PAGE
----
Patrick Mahomes realized at a young age he had been given a gift. Something that made him different from his peers. As a five-year-old, he could fling a baseball effortlessly and hard across the diamond. The son of former Major League Baseball pitcher Pat Mahomes didn’t think anything of it at first because it came so naturally to him. But others couldn’t help but notice.
“People started saying to me, ‘Man, you got a really strong arm,’ ’’ Mahomes told me over the phone recently. “And I started realizing that I needed to slow it down a bit so my Tee Ball teammates could catch the ball.”
Eighteen years later, people continue to marvel about his right arm, though it’s now eliciting oohs and ahhs for throwing oblong balls with laces rather than round ones with seams.
Mahomes, who will receive the Coca-Cola Sports Personality of the Year Award at the Rochester Press-Radio Club’s Childrens Charities Dinner on April 3, is coming off a historic season as the Kansas City Chiefs quarterback. A season that saw him become just the second player in National Football League annals to record at least 50 touchdown passes and 5,000 passing yards in 16 games. The only other to achieve that feat? Peyton Manning.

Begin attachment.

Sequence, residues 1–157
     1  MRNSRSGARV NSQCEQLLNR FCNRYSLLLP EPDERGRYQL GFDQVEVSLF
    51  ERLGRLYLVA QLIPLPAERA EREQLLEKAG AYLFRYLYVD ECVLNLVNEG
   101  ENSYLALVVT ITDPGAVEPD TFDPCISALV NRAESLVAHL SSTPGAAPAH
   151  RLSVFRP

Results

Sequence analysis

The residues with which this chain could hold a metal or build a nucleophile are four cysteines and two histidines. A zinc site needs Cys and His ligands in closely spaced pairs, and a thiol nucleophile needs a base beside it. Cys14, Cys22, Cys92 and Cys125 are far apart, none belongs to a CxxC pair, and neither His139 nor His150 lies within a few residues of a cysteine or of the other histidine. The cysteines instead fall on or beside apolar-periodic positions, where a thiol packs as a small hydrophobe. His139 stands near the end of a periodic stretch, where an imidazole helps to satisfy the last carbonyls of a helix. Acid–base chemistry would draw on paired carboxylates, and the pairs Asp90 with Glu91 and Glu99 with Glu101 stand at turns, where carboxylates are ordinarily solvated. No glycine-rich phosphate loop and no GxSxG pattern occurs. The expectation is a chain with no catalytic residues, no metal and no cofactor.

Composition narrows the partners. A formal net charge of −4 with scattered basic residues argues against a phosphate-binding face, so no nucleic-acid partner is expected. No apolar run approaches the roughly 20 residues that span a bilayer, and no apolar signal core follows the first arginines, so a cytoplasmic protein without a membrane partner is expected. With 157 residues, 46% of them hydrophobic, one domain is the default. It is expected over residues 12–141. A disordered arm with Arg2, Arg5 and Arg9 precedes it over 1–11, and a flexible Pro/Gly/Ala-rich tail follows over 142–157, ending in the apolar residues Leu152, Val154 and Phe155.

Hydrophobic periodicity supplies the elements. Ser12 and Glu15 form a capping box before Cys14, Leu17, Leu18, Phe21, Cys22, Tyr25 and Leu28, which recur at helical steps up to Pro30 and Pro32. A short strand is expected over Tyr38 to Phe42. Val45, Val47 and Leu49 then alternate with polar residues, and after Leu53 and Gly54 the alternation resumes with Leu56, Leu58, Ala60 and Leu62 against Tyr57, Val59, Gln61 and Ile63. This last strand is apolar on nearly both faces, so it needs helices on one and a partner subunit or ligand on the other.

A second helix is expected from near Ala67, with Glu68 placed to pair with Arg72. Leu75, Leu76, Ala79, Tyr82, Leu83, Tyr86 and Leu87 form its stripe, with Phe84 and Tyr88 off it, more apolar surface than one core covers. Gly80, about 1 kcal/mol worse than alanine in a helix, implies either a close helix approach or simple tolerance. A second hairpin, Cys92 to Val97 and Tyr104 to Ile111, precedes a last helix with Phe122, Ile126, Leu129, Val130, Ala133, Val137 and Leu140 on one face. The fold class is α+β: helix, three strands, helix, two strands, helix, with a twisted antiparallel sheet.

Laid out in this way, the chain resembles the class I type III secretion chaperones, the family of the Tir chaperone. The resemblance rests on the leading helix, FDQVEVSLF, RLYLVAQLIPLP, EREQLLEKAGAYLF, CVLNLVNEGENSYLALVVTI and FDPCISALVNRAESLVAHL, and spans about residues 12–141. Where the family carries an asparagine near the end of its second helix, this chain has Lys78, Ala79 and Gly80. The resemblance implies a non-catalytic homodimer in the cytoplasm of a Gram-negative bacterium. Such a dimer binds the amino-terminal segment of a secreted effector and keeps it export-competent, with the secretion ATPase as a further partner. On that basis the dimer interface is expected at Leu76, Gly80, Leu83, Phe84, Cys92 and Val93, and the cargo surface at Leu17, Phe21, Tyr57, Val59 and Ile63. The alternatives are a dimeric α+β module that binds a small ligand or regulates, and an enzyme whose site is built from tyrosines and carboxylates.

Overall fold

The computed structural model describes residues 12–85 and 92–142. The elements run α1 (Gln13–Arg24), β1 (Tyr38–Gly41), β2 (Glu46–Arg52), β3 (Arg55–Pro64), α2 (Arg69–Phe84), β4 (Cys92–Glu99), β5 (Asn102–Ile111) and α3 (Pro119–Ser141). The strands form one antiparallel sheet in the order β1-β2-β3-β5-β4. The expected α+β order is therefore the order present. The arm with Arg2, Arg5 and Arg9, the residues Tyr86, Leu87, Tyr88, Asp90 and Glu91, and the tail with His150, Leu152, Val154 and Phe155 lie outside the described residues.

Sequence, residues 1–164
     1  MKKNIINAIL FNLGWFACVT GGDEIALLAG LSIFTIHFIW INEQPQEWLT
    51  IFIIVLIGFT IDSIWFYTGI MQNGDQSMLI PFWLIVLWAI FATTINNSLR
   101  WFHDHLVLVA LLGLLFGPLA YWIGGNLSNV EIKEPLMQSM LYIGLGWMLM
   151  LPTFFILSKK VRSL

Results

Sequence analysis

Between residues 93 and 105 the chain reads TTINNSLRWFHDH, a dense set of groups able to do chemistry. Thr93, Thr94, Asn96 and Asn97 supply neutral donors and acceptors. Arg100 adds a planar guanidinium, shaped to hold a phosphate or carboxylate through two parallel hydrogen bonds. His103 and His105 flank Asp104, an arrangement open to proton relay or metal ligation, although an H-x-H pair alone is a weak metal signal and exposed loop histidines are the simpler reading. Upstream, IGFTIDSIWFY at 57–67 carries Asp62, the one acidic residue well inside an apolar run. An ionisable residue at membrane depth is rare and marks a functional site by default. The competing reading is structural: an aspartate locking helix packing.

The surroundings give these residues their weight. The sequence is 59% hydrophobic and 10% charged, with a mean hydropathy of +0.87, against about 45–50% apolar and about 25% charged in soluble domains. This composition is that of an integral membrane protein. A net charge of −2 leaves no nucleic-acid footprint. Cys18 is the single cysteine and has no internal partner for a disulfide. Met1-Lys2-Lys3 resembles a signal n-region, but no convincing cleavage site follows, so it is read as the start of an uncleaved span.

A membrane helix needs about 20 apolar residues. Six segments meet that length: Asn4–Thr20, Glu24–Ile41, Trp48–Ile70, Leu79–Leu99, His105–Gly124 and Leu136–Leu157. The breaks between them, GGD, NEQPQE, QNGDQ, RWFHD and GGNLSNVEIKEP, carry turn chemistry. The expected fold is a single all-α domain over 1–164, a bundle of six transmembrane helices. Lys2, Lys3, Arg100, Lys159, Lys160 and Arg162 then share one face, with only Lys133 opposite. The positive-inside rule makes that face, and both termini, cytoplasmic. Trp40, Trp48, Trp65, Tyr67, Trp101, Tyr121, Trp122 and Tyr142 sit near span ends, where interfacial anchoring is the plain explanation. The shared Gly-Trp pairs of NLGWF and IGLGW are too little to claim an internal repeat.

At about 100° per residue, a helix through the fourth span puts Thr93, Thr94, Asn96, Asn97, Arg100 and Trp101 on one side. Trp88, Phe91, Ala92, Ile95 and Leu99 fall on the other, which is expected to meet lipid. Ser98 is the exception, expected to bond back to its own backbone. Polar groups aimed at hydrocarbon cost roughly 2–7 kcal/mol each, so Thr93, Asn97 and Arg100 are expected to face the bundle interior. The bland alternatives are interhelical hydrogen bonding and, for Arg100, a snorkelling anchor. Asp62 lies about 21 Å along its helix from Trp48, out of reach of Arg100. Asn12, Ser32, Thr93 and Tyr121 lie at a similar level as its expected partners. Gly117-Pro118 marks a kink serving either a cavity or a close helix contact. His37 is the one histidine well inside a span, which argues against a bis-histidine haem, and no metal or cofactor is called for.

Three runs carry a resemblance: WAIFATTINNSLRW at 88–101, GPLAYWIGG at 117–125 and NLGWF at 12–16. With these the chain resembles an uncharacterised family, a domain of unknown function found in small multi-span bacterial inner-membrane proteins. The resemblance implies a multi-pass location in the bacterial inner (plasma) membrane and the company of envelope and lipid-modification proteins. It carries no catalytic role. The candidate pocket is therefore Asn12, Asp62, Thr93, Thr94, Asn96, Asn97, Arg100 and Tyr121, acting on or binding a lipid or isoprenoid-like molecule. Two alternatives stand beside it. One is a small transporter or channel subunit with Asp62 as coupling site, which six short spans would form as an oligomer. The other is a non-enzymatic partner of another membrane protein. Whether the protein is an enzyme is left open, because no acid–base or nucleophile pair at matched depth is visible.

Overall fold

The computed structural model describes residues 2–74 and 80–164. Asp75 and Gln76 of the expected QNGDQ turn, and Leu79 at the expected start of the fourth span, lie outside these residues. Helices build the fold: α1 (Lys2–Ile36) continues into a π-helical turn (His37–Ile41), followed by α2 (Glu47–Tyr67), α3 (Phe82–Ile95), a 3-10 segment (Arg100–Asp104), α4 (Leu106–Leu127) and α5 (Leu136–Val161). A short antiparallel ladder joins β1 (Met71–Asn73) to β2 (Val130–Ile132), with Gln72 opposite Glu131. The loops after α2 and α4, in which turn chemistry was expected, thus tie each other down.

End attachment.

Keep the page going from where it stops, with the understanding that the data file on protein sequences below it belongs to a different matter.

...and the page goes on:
Not a bad start for a first-year starter and a guy who’s all of 23 years old.
Mahomes’ efforts earned him his first NFL Most Valuable Player Award and effusive praise from Tom Brady, the man regarded as the finest quarterback of all-time.
“What a great young player,’’ the New England Patriots signalcaller said after surviving a three-touchdown, 295-yard performance by Mahomes in the AFC Championship Game on Jan. 20. “So impressed with his poise, his leadership. He is spectacular.”